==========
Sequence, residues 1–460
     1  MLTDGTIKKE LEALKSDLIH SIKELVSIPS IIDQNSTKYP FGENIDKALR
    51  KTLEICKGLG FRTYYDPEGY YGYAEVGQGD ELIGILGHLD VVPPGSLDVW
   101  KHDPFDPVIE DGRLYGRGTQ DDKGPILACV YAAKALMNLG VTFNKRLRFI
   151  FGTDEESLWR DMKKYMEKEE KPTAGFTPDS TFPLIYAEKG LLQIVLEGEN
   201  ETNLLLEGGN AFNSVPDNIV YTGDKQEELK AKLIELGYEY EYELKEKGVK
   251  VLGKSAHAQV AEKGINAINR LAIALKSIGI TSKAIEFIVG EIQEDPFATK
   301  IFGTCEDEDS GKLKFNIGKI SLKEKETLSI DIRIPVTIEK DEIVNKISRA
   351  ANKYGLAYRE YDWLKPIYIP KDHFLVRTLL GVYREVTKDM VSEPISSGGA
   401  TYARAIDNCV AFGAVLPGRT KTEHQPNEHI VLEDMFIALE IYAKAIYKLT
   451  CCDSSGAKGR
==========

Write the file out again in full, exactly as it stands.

Sequence, residues 1–460
     1  MLTDGTIKKE LEALKSDLIH SIKELVSIPS IIDQNSTKYP FGENIDKALR
    51  KTLEICKGLG FRTYYDPEGY YGYAEVGQGD ELIGILGHLD VVPPGSLDVW
   101  KHDPFDPVIE DGRLYGRGTQ DDKGPILACV YAAKALMNLG VTFNKRLRFI
   151  FGTDEESLWR DMKKYMEKEE KPTAGFTPDS TFPLIYAEKG LLQIVLEGEN
   201  ETNLLLEGGN AFNSVPDNIV YTGDKQEELK AKLIELGYEY EYELKEKGVK
   251  VLGKSAHAQV AEKGINAINR LAIALKSIGI TSKAIEFIVG EIQEDPFATK
   301  IFGTCEDEDS GKLKFNIGKI SLKEKETLSI DIRIPVTIEK DEIVNKISRA
   351  ANKYGLAYRE YDWLKPIYIP KDHFLVRTLL GVYREVTKDM VSEPISSGGA
   401  TYARAIDNCV AFGAVLPGRT KTEHQPNEHI VLEDMFIALE IYAKAIYKLT
   451  CCDSSGAKGR